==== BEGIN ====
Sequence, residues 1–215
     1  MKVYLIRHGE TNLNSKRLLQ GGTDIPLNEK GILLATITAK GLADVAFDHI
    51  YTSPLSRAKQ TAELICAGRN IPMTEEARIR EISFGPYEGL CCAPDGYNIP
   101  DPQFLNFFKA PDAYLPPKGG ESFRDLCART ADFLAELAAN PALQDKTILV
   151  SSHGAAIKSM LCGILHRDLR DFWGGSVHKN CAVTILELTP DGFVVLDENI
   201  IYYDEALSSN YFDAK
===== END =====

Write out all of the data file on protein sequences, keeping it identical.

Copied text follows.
Sequence, residues 1–215
     1  MKVYLIRHGE TNLNSKRLLQ GGTDIPLNEK GILLATITAK GLADVAFDHI
    51  YTSPLSRAKQ TAELICAGRN IPMTEEARIR EISFGPYEGL CCAPDGYNIP
   101  DPQFLNFFKA PDAYLPPKGG ESFRDLCART ADFLAELAAN PALQDKTILV
   151  SSHGAAIKSM LCGILHRDLR DFWGGSVHKN CAVTILELTP DGFVVLDENI
   201  IYYDEALSSN YFDAK